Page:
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Black Hair Algae
February 26, 2009
12:56 pm
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Bigbadbaz
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October 2, 2008
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I have the aforementioned horrible stuff in my tank, Had 3 doses of anti hair algae from interpet with little sucess. Last night I pulled out the worst affected plants and binned them to get alevate the problem. Anyone else got any ideas on how go get rid of it barring binning the rest of my plants? All water stats are fine and have been sparingly feeding fish to see if it was a buildup of food encouraging growth.

Baz

February 26, 2009
3:22 pm
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ndc
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April 30, 2008
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if its very bad id dump them and get new plants to be honest - probably quicker in the long run

February 26, 2009
3:31 pm
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Bigbadbaz
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Thats what I did last night, only one or two plants left which I recently bought from non-local shops.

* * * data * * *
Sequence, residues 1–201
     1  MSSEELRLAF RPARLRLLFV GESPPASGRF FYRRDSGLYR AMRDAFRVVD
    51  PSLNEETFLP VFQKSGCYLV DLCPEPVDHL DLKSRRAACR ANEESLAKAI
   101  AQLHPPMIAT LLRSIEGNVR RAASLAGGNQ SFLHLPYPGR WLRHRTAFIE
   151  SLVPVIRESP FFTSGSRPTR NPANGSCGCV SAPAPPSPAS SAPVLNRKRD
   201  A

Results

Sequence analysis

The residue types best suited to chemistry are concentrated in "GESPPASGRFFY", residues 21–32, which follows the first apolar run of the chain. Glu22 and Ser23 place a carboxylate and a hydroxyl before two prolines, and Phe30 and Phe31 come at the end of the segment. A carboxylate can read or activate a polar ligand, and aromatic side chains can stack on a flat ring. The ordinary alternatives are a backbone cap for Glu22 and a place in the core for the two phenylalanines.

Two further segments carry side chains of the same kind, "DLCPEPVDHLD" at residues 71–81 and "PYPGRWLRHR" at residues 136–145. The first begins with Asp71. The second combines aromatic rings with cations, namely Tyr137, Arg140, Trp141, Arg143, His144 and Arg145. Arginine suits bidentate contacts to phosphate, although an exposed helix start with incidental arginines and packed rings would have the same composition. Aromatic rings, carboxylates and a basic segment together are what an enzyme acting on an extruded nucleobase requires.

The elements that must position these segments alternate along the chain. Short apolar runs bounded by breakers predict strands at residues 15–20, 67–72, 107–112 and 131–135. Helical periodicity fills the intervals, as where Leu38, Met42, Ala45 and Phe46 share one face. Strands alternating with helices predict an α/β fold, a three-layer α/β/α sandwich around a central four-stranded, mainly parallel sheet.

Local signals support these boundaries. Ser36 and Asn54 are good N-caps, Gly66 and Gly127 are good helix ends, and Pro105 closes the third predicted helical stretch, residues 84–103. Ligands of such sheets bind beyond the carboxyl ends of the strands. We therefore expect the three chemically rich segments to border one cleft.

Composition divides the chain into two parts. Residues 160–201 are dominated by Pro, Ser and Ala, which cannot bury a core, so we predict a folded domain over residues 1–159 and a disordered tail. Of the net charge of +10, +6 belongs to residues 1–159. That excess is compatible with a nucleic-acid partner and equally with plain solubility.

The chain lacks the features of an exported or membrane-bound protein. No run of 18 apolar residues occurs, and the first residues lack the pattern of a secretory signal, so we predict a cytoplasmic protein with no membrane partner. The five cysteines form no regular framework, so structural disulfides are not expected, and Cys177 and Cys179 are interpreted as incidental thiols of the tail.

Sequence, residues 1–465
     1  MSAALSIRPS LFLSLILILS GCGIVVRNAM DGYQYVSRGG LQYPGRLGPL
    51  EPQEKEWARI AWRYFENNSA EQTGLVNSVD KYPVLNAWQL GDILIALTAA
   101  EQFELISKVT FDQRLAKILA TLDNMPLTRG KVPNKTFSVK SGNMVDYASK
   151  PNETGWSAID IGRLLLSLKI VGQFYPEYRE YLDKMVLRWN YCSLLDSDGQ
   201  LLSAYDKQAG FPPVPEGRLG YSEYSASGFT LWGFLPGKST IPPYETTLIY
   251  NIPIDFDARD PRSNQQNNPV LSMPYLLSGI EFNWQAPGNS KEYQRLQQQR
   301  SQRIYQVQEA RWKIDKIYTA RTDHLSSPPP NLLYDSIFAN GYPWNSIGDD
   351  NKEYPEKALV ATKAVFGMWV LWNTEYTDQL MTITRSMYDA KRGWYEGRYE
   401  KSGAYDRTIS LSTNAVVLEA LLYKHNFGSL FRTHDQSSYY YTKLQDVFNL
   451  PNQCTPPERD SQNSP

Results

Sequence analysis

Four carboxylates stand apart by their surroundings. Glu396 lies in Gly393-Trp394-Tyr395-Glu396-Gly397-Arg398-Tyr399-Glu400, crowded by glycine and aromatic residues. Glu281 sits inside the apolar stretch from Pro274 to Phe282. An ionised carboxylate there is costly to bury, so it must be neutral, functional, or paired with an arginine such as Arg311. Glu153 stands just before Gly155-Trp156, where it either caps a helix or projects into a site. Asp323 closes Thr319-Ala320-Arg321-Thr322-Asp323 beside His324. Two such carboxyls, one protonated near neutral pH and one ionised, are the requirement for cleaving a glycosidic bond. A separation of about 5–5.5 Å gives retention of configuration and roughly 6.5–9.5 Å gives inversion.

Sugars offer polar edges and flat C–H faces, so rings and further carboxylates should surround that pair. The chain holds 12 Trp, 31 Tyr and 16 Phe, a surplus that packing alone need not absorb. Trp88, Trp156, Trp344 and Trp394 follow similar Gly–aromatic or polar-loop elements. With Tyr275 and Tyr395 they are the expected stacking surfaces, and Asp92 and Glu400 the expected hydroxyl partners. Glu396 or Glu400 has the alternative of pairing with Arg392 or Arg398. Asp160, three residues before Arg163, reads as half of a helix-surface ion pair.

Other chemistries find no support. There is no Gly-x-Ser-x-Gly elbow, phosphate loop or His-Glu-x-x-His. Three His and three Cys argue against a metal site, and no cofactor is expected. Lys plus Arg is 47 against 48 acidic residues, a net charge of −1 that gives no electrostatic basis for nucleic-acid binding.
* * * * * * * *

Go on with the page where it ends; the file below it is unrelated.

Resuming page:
February 26, 2009
8:14 pm
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Matt
Málaga, Spain
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Is it affecting any plants in particular Baz? I always find Anubias attracts this stuff...

Cake or death?
February 26, 2009
9:16 pm
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Bluedave
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Algae is always caused by an imbalance in the tank - generally it's too much light for too long or not enough CO2 but could be a whole host of things.

If you have lots of fast growing plants, plenty of nutrients, enough light and enough CO2 you will have no algae problems. Using chemicals is only a short term fix - you need to get the balance right for the tank.

Can you give us more info about your tank - size, volume, lighting, flow, tank parameters (if you know them) i.e. nitrates, phosphates, temp, gH, kH, pH etc. If you can give us all that, we'll soon clear up your algae (when I say soon, it can take a couple or three months!).

February 26, 2009
10:08 pm
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Bigbadbaz
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Will do some tests tomorrow, never suffered from it in the past, think it came in on a plant and was a pain to get rid of it.

March 2, 2009
7:40 pm
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Byron Hosking
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November 3, 2008
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I've always had some of this in my aquaria, but so far only once did it really get bad. I simply removed bits of it when I did the weekly water changes; tedious, I know. But I would never add chemicals to a tank for this, or anything else frankly except parasitic problems like ick or similar.

Replacing the plants isn't likely to solve the problem, as the algae will return since it's in the water and on the tank, substrate, wood, rocks, etc.